HERRIN v. The STATE.
Harvey Christopher Herrin appeals his conviction of three counts of aggravated assault and two counts of false imprisonment. He enumerates three errors. Held:
1. Appellant enumerates that the trial court erred in allowing the State to present similar transaction evidence because the similar transaction notice was only a “general notice.” The notice identified numerous prior acts of violence but stated only general time periods during which various acts were asserted to have occurred. Appellant further contends that the State had the knowledge to make its notice more specific as to the dates of the incidents but did not do so to appellant's detriment. At trial and during the State's case-in-chief, the State made a proffer as to the nature and dates of the various prior acts of violence committed against the wife by having the wife testify under oath outside the presence of the jury. The wife was able to identify, with more specificity than given in the original notice, the dates of certain of the many violent acts committed against her; however, appellant made no attempt to elicit on the record when this information became known to the State. After the wife's testimony, appellant renewed his mistrial motion but did not request a continuance in order to prepare for any disclosures made at the hearing. Appellant has failed to demonstrate affirmatively by the record that, at the time it issued the notice of intent to introduce similar transaction evidence, the State possessed more detailed information as to the dates of the similar transactions in issue and concealed such knowledge from the defense to the harm of appellant. Both error and harm must be affirmatively shown by the record to warrant a reversal. Robinson v. State, 212 Ga.App. 613, 616(2), 442 S.E.2d 901. This enumeration is without merit; the notice given was adequate. Willett v. State, 223 Ga.App. 866, 873(3)(b), 479 S.E.2d 132; accord Tidwell v. State, 219 Ga.App. 233, 235(2)(c), 464 S.E.2d 834; Bohannon v. State, 208 Ga.App. 576, 578(2)(a), 431 S.E.2d 149.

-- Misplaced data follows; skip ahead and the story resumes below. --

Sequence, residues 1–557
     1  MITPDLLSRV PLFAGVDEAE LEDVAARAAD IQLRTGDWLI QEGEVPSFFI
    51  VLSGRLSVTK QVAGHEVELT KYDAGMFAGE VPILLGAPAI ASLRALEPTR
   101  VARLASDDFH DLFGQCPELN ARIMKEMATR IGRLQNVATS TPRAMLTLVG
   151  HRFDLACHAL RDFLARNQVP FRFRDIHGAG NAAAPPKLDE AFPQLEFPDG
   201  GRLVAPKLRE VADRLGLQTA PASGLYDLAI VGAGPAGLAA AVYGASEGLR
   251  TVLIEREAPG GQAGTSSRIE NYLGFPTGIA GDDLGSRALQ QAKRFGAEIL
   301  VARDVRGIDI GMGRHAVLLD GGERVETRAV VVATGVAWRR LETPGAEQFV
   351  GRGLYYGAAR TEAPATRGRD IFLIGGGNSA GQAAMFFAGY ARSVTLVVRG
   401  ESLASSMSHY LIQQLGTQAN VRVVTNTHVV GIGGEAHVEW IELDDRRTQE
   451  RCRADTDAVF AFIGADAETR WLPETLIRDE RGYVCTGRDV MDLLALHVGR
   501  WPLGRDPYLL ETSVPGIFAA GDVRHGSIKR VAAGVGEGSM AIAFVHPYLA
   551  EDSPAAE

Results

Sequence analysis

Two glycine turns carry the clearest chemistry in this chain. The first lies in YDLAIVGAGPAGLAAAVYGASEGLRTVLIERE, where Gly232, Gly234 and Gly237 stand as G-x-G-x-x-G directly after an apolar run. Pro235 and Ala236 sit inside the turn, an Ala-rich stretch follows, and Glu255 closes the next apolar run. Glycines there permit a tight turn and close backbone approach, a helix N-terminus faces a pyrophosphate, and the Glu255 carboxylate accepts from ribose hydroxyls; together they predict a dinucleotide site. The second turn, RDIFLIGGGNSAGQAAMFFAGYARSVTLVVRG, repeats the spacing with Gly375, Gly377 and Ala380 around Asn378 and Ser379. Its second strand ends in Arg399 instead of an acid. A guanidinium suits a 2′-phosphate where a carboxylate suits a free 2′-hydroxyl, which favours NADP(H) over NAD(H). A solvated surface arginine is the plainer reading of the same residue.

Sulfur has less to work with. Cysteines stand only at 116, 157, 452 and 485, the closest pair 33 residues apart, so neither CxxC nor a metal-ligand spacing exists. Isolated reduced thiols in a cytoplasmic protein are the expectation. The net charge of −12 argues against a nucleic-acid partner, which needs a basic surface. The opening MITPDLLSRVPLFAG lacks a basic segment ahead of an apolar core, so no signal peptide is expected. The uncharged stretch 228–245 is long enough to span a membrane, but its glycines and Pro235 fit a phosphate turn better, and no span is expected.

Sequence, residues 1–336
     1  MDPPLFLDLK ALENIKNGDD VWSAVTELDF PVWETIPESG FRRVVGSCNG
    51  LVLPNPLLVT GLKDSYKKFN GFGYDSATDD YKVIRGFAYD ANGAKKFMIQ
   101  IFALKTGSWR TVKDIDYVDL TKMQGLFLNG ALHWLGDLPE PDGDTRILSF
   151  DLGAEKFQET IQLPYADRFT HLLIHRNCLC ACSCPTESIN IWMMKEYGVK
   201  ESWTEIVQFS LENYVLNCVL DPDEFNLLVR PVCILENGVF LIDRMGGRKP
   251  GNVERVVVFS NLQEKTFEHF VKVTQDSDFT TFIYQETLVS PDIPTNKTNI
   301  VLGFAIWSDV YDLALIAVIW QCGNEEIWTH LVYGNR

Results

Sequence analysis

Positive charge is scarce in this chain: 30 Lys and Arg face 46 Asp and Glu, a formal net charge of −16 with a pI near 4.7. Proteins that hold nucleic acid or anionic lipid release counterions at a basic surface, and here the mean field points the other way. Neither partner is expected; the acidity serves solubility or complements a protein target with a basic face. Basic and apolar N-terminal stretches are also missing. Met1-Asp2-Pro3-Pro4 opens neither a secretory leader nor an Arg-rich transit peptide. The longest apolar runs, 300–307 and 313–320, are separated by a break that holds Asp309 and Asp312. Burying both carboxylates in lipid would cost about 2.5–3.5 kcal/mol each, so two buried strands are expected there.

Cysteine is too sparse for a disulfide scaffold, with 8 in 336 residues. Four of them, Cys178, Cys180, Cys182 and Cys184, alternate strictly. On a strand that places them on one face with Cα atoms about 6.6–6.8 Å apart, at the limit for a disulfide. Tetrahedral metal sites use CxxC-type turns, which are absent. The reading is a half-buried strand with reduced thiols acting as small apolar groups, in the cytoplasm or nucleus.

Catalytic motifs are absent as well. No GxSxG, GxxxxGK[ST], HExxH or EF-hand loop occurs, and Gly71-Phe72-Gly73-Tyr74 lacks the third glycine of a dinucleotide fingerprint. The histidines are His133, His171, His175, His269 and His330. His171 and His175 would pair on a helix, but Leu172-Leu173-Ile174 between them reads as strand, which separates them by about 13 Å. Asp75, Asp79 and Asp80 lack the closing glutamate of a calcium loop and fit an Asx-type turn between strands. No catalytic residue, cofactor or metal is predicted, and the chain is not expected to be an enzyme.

2. Appellant asserts the trial court erred during its recharge as to the offenses of aggravated assault and battery by failing to charge the court that a battery could be committed by use of an object, thereby taking away the jury's option of returning a verdict of guilty for the misdemeanor offense of battery. As conceded by appellant in his brief, the trial court's initial charge to the jury was proper and was not objected to by appellant. However, the jury subsequently requested a recharge as to the difference between assault and battery; in response the trial court recharged the jury on the offenses of aggravated assault and battery; part of the aggravated assault charge contained a definition of assault. Thereafter, one juror indicated that the recharge did not answer the jury's question, as “some of [the jurors] felt like that the assault was with an object,” and asked whether it made “sense” that “[b]attery is by hand or foot or something without an object.” After the trial judge indicated he could not answer the question without commenting on the evidence, other than by giving the definitions of the offenses again, the juror stated that he had no difficulty understanding the definitions given. It was then stated by a juror that the question was whether “the charge of battery is from injuries caused by another person's body or person not using a weapon” or “[a]n object period.” The trial court then instructed the jury to listen closely and repeated the recharge. Additionally, the trial court instructed the jury that aggravated assault was charged in Counts 1, 2, and 3; that the jury was to consider first the aggravated assault charge in each count; and if there existed a reasonable doubt as to the defendant's guilt of aggravated assault in each count, and only in that event, would the jury move to the lesser included charge of battery. The jury was returned to the deliberation room and did not thereafter request any further instructions before returning its verdict.